I tell Z I’m going to my garden next to our building. He doesn’t respond. So I sing to him. We have determined that he tunes me out most of the time, but he doesn’t if I sing to him. He tells me not to take it personally but regular talking is really uninteresting to him sonically.
At first I was shy, but it’s so nice that he hears everything I say that it’s worth singing. I tell him I’m surprised he wants to hear someone sing when I can’t stay in tune. He tells me this is one of the benefits of him losing his hearing.
I don’t understand how the hearing loss works. Some days he tells me he’s going deaf and other days he’ll tell me the elevator bell is an F#. Some days he plays Bach so beautifully that I feel like the luckiest person in the world to sit so close to the music. Other days he needs silence.
Then why are you playing video games all day?
Because it’s silent.
You could do Spanish vocabulary. That’s silent.
I turned Minecraft to Spanish. I’m learning the word for obsidian in Spanish.
What is it?
I have perfected the art of never living in the moment with my garden. I make big plans and when they seem too easy to execute I make them more impossible. I built four more small gardens on the sidewalk. Total: 10. There was no water source so every time I watered it took me an hour.
When the time came, in April, for the bulbs to start blooming, people noticed; they pulled their dogs away. By May, people stopped me in the streets to thank me.
And then the gardens kept changing, like fireworks. Plans I made so obsessively over the last ten months unfolded with near perfection. Only one garden didn’t bloom as expected and ended up with empty patches. But each day new people showed me pictures they took, and there were so many flowers I started giving them away as people walked by.
There has never been a water source within reasonable distance, but the watering became even slower when I had to get in between the tulips. Sometimes when I was watering Z would yell out the apartment window for me to come home, like we’re living back on the farm.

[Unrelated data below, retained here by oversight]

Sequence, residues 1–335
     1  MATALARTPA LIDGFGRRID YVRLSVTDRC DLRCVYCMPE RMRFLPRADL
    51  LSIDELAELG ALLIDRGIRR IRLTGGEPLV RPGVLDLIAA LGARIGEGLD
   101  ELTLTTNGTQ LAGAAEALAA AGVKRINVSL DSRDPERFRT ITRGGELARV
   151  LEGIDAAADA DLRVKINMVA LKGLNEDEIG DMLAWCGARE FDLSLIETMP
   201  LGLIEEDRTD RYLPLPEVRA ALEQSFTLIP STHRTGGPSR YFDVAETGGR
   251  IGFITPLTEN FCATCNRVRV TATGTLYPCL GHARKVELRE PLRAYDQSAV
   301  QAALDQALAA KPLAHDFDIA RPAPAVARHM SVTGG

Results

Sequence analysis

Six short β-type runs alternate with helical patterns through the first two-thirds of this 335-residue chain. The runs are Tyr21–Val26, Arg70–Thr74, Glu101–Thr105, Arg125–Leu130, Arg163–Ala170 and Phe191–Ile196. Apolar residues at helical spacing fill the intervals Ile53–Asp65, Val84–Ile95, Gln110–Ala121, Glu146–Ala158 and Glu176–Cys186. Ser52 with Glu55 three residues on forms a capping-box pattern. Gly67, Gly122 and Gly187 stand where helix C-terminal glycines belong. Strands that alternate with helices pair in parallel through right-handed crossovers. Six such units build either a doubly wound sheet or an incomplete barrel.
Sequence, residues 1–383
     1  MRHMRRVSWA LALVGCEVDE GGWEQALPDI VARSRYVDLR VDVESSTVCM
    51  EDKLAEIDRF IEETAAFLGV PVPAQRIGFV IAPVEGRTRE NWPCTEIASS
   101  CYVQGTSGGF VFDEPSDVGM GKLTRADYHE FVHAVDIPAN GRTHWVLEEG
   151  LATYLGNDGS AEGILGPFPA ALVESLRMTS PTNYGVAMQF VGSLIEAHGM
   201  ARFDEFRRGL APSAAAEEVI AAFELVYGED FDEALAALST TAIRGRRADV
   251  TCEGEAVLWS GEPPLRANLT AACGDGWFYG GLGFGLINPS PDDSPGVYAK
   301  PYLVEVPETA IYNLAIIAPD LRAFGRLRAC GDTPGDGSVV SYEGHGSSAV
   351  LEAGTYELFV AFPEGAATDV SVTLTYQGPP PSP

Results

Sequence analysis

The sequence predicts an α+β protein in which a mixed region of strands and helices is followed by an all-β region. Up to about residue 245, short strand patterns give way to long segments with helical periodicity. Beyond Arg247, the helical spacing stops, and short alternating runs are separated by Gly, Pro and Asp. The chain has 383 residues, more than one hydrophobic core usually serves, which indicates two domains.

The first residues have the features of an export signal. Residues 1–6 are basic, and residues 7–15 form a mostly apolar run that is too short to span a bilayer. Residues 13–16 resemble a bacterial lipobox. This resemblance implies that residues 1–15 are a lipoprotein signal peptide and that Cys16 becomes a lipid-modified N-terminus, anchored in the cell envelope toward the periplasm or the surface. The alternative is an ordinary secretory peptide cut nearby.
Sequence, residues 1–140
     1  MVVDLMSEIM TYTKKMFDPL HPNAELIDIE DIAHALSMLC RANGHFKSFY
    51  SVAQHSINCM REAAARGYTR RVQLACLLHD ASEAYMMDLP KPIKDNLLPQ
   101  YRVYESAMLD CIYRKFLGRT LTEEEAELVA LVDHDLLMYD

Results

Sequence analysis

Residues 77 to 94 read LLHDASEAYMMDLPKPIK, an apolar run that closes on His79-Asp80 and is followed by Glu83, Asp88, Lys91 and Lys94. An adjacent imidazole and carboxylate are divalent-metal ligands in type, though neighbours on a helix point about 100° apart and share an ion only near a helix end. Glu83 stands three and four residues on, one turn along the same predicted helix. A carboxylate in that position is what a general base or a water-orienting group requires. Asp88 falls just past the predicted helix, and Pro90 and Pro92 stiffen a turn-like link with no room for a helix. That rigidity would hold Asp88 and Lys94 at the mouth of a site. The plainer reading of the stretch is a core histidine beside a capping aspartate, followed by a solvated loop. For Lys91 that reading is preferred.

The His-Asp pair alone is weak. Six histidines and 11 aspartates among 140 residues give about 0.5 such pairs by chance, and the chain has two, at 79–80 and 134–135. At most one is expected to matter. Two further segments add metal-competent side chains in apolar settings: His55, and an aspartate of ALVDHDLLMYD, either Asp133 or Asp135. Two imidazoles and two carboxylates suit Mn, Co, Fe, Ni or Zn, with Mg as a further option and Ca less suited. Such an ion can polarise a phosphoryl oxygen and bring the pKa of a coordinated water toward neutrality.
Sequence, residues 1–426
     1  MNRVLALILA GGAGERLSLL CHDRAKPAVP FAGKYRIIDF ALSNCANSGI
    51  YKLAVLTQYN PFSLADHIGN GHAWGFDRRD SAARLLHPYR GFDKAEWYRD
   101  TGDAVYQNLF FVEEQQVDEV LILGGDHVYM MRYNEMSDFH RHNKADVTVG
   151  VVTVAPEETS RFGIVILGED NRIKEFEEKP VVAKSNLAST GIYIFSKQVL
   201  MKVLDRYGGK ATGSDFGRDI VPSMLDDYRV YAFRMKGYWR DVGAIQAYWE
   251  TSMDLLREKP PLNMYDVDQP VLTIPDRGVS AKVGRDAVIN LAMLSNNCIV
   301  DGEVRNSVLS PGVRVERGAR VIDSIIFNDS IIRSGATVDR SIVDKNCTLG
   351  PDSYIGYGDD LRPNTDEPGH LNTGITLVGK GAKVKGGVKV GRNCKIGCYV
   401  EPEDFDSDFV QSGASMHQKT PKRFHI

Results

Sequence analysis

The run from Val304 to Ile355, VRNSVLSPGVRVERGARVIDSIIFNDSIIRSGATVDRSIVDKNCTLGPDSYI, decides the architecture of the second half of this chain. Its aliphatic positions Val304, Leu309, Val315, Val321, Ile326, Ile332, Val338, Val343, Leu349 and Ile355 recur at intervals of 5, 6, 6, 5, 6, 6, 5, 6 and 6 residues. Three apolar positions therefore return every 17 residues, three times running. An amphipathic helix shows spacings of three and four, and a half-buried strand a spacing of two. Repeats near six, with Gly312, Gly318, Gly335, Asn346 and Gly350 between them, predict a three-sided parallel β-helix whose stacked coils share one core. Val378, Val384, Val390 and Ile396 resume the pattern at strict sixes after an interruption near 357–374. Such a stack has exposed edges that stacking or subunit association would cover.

Sometimes I’d say okay, I’m coming, and then not come for a little while longer like I’m an alcoholic at the bar. A little more water. A little more picking off the dead petals. Or digging out an obstructed stem.
By June the whole neighborhood was excited with the flowers. People were bringing their friends to see. And someone said to me, “Remember the pink and orange flowers you gave me a couple of weeks ago? Did you grow any more of those? I was hoping you’d have more this week.”
That’s when I realized people were expecting the flower beds to look like this all summer. So I started digging up bulbs as they bloomed, transplanting them to my garden in the park, and replacing them with flowers for summer and fall.
It was a massive production I did mostly at night. I told Z he could only play video games at night if he didn’t sleep the entire day. “It’s not that I hate video games, but they take up all your empty space. You need something new in your life and there is nowhere for it to enter.”
“Empty space? My whole life is empty space.”
I don’t know what I did for the next five hours. Bulbs. Bone meal. Bio-char. Z caught me below our apartment and yelled out the window, “Mom! It’s midnight! Get upstairs!”
While I was shaking off dirt in the kitchen sink, Z told me, “Gardening for you is like video games for me.”
I told him he’s probably right.
Then he said, “If I spent as much time on video games as you spend on gardening you’d throw out my computer.”
“OK. I get it.”
“You need empty space. Maybe you’re scared of what you’d fill it with.”
The next day Z told me he didn’t think I was trying hard to find a new apartment. “Mom. The building is infested with mice. Get us out of here.”
“It’s really hard to stay in this neighborhood and not be in an old building and old buildings have mice.”
“WHAT? Why are you looking only in this neighborhood?”
I froze. I told myself that I was only looking in our neighborhood because change is bad for a kid. But I couldn’t say that to him. He’d never believe it.
“Look,” he says. “Here’s a great apartment two train stops from the garden.”
Oh. He already knows.
So there are plenty of new buildings in Boston just not close to my garden.
Z picks a building that is beautiful, and because students make Boston’s rental market crazy, our mice infested building is the same price as the gorgeous luxury high-rise.
We are packing and he says, “How can you not be excited?”
“I’m in shock to move away from my garden. I just have to get used to the idea.” I know I’ll never take the train to a garden. But whatever. I know I need to stop gardening. It’s taking up all the extra time in my life — just like video games.
Z shows me this picture at lunch. He says, “Look at the plot that didn’t bloom. It looks really good. I thought you’d like that the most interesting garden was the one that had the extra space.”